First, we’ll import the texture into our project. Then we’ll use the Three.js texture loader class to turn it into a Texture object.

  import texture from 'path/to/texture.jpg'
  // ...
  const three_texture = new THREE.TextureLoader().load(texture)

The next step may vary depending on the texture that you choose. In the code below, we are ensuring that the texture wraps repeatedly both horizontally (wrapS) and vertically (wrapT) over the mesh. We also specify how many times we want the texture to wrap.

three_texture.wrapS = THREE.RepeatWrapping
three_texture.wrapT = THREE.RepeatWrapping
three_texture.repeat.set(0.1, 0.1);

For more information on Texture properties, the docs are a great place to start. There are also fascinating explanations here and here.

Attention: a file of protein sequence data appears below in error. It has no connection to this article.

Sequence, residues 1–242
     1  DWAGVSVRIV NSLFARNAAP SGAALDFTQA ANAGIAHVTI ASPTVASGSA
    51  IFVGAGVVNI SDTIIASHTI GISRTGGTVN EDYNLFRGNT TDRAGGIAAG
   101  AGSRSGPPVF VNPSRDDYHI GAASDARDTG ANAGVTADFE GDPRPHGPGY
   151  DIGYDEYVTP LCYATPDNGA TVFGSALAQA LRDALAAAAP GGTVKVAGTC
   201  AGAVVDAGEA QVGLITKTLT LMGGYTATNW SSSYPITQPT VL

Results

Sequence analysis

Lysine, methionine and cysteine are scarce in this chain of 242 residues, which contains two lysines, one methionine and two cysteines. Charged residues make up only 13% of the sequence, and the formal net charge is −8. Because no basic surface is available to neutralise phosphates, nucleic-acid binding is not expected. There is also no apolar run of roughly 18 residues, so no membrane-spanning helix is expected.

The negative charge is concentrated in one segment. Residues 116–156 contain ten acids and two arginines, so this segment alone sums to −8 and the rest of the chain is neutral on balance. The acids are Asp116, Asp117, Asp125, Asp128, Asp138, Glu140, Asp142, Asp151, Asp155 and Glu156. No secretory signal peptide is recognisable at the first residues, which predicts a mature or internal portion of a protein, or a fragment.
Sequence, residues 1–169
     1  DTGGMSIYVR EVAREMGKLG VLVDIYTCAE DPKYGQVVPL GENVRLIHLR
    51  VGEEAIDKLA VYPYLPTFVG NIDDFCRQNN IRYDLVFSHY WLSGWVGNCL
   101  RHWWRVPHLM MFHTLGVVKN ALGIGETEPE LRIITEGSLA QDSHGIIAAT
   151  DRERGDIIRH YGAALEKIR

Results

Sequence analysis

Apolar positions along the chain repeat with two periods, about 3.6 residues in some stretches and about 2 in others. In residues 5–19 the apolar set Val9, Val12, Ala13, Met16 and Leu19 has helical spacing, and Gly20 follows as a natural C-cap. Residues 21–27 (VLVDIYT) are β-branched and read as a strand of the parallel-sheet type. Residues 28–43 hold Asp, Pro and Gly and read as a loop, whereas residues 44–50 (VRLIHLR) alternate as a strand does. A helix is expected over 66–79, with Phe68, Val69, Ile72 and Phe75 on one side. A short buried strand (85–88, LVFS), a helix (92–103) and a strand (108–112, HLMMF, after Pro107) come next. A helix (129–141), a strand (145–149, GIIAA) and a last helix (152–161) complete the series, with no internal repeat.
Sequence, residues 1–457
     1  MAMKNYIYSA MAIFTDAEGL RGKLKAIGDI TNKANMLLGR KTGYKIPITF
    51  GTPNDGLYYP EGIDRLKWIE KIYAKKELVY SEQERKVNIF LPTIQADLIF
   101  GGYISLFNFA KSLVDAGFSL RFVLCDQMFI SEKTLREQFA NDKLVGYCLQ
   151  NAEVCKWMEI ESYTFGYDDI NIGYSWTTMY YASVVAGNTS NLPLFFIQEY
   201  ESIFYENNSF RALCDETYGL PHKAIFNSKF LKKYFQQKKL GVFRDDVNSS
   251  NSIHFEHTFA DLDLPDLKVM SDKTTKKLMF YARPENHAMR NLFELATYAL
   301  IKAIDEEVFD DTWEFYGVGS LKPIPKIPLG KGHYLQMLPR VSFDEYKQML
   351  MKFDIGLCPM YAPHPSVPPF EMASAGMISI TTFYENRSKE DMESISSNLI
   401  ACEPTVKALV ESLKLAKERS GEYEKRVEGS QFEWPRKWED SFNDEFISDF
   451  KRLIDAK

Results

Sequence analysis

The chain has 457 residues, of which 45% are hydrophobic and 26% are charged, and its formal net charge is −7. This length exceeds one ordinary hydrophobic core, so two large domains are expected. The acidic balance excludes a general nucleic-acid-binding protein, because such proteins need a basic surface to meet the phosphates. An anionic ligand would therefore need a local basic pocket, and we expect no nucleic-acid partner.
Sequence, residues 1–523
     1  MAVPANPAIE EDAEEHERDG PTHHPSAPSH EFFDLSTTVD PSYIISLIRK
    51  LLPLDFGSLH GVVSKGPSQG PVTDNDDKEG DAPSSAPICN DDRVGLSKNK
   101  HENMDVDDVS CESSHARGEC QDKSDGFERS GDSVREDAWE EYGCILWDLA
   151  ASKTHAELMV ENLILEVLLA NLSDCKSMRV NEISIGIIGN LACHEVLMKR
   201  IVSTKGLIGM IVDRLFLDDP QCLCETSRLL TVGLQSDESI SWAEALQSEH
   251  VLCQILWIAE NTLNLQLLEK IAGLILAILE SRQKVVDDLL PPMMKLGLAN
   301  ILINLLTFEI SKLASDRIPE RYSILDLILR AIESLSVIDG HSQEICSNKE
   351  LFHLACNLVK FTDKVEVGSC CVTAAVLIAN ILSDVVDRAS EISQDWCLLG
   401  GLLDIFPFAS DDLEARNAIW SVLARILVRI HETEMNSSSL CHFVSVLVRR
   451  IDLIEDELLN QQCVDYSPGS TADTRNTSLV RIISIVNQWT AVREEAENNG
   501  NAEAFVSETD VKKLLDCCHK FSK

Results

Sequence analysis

Applying the texture

The final step in making our texture visible is just to add it to our material. We do this by passing an args prop to our material, just as we did with our geometry. The prop will contain an object with a map key, and the value is our texture.

Our material should look like this now:

<meshBasicMaterial attach='material' args={{ map: three_texture }}/>

With that, we should now see the finished product on the screen - an animated 3D text mesh with a texture applied to it. The final code should be similar to this:

import React, { useRef } from 'react';
import { Canvas, useFrame } from 'react-three-fiber';
import Roboto from '../Roboto.json';
import texture from '../lavatile.jpg'
import * as THREE from 'three';

function TextMesh(props) {
  const mesh = useRef(null)

  useFrame(() => {
    mesh.current.rotation.x += 0.01
    mesh.current.rotation.y += 0.01
    mesh.current.rotation.z += 0.01
    mesh.current.geometry.center()